His latest novel, Bloody Martini, is a tightly plotted thriller-noir. Tommy Martini has been working on his anger in a Benedictine monastery in Mexico; to fulfill the dying request of his best friend (and rich guy) Finn Sweeney, he now returns home to Coalville. Sweeney beseeches Martini to locate his wife, Bridget Breen, who had been the subject of Martini’s own desire in high school. During his quest, as Publishers Weekly put it, “Martini fends off local goons, bought-off cops, and politicians who want him dead—in particular, Brian Fury, the sadistic district attorney who couldn’t pin Martini for murder” a decade before. Besides finding Breen, Martini also makes the moves to take out a local prostitution conspiracy. It’s a lot for one guy. Despite his best efforts, Martini tries to keep cool and not kill anyone. But Coalville is a rough place. “I was three whiskey sours into the night and feeling the promise whiskey gives,” Martini says before meeting a debauched drug addict for intel on Breen. “In Coalville, if you aren’t half drunk by nine o’clock, you’re out of step with your ancestors.” Despite the austere sadism of the novel’s world, Kotzwinkle’s dialogue is funny, bantery, aware of its own artifice: “You think he’s dumb enough to keep a murder weapon around?” asks Duke Devlin, whom Martini describes as “a blood-freezing Irish wiseguy from my childhood.” Devlin continues, “He’s the kind that says goodbye to his turds before flushing. He’d never get rid of a gun he paid good money for.”
I asked Kotzwinkle how he keeps his finger on the cultural pulse. His answer was invariably spectral. “Wisps of present popular culture cling to my fingers, go up my nose, settle in my lungs,” he said. “I have to admit something powerful is going on with youth. It overwhelms my nostalgia for yesterday and plants me firmly in the now.” This spirit was likely with him when he was an upstart novelist. “When I used to walk across Manhattan, I felt an intimacy with the streets,” he said.
Jorge Borges puts it so well: “Everything […] entered my vain heart / with the clarity of a tear […] making it real like a legend or a verse.” I knew, with every step I took, that I’d been given sufficient clarity to describe the legend that was developing around me. This became The Fan Man. My other books came about in the same way—something entered my vain heart with the clarity of a tear—and I had to describe it.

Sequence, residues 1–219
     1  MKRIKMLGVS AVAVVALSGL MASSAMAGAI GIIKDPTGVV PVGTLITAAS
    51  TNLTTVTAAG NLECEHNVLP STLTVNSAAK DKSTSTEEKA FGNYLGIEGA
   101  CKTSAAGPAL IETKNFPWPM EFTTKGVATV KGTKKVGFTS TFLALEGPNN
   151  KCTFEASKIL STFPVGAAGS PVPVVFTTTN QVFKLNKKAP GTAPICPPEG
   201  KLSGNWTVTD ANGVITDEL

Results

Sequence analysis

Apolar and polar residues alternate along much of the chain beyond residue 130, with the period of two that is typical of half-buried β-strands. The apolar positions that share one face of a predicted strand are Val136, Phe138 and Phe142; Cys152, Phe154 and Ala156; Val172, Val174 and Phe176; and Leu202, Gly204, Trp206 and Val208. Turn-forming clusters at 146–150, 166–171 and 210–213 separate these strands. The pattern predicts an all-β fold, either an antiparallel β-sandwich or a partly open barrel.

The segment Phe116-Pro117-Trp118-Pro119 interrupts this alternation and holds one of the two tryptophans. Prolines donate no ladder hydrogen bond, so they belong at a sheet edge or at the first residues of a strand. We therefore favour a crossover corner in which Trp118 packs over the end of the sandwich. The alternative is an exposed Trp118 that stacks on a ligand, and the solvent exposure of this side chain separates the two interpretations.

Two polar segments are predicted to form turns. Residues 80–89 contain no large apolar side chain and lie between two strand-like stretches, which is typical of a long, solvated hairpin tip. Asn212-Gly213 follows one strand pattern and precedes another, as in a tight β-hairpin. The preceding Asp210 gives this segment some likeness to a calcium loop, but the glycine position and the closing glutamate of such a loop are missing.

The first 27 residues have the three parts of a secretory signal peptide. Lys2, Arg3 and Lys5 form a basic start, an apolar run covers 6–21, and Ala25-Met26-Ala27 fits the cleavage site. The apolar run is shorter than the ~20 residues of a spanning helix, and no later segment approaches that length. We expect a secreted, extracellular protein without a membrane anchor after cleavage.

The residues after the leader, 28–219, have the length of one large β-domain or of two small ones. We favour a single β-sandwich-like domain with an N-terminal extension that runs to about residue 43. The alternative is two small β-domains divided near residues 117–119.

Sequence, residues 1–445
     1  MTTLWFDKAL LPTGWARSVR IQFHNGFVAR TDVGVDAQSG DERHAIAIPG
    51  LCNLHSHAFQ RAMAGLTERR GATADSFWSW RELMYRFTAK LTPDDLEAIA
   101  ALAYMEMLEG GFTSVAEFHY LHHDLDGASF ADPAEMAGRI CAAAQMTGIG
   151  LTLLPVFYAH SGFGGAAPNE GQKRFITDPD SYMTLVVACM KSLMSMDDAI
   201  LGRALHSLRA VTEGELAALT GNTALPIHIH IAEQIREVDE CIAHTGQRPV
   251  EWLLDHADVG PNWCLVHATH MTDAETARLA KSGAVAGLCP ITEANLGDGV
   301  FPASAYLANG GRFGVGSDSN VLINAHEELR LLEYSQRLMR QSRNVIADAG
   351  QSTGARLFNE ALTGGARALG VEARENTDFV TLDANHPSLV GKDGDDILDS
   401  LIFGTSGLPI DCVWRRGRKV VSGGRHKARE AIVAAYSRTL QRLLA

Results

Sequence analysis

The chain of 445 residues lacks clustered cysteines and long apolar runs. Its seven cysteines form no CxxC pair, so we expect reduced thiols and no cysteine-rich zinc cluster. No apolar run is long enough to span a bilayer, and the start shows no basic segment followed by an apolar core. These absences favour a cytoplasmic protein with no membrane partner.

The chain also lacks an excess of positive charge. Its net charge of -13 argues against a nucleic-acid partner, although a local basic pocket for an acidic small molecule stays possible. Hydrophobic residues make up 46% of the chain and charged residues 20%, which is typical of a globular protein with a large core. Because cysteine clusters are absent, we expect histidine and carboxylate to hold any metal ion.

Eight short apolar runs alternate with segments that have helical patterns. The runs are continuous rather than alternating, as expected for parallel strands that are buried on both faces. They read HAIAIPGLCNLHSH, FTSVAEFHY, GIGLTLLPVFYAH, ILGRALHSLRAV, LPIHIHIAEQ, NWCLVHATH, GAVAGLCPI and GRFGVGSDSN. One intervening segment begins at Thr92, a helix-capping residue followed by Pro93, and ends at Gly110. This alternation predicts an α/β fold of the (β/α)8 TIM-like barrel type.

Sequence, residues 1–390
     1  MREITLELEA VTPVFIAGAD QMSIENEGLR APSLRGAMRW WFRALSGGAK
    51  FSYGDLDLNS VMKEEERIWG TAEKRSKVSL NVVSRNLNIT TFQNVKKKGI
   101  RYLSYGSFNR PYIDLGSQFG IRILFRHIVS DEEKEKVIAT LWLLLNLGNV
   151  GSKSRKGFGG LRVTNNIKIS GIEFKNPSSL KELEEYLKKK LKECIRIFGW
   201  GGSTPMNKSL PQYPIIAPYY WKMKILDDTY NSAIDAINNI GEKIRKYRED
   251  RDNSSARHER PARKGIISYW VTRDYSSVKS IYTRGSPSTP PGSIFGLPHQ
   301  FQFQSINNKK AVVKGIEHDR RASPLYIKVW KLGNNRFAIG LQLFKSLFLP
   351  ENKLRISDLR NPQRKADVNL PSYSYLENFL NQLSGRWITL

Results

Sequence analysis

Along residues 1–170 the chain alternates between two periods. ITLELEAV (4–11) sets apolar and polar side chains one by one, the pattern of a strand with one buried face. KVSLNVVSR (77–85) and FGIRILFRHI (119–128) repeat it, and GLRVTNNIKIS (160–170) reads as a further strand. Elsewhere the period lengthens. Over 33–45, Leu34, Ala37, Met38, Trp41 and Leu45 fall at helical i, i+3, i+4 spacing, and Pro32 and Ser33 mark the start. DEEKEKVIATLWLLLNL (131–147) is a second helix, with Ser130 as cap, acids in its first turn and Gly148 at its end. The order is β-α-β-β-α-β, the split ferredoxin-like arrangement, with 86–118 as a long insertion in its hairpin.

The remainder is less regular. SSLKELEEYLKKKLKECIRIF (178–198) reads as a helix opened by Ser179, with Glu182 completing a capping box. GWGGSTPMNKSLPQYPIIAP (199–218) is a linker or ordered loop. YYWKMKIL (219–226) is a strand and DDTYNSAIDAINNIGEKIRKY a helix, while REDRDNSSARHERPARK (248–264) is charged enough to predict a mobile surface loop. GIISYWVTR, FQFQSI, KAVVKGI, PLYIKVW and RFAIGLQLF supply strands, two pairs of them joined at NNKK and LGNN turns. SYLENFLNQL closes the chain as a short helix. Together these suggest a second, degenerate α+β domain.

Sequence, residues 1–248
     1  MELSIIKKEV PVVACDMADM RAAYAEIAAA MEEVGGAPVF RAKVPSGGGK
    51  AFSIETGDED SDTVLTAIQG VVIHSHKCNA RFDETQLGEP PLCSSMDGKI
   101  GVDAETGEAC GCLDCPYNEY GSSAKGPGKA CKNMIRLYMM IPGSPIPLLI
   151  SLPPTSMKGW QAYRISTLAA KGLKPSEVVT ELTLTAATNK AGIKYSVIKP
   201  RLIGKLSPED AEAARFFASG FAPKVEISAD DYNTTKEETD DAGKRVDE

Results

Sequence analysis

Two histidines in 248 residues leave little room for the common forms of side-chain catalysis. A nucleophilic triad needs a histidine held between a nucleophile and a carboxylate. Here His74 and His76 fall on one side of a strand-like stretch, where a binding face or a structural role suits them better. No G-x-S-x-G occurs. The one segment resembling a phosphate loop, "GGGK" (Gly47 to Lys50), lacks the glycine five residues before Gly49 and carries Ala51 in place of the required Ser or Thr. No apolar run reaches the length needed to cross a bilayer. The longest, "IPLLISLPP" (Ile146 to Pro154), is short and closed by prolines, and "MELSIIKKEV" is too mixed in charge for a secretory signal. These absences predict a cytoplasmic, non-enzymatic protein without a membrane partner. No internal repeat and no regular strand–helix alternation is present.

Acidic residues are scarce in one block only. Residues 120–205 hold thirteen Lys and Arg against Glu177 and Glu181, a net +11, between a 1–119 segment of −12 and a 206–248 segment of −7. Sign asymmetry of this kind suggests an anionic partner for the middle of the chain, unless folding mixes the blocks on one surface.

This vanity may be familiar to most writers. Like he said: “I wanted to be heard.”
What’s most attractive about the Martini series is that the hero is as much a good guy as he is a brute. At times, he reads like a textbook response to the “likable character,” someone who checks all the boxes for human decency. “As for the Felonious Monk series,” Kotzwinkle explained, “I wanted access to Martini’s dark and light angels, those voices all of us have in our heads. I thought, nobody can tell this guy’s story better than he can. He has just enough education, just enough poetry in his soul to handle it. Anything fancier would be false.”
Toward the end of our conversation, I asked Kotzwinkle about being both a screenwriter and a novelist, someone who, over time, has come to primarily write novels. “A novel is a long slow dream in which I can wander around looking for lost parts of myself. In that sense, my novels are autobiographical but they are the autobiography of my fictitious self,” he said. Finally, I asked him what’s the most surprising thing about his career. “Walter the Farting Dog selling two million copies,” he said about the enormously popular children’s book. It’s like nothing else described here. No surprise from a guy who likely wears his shades to a house party.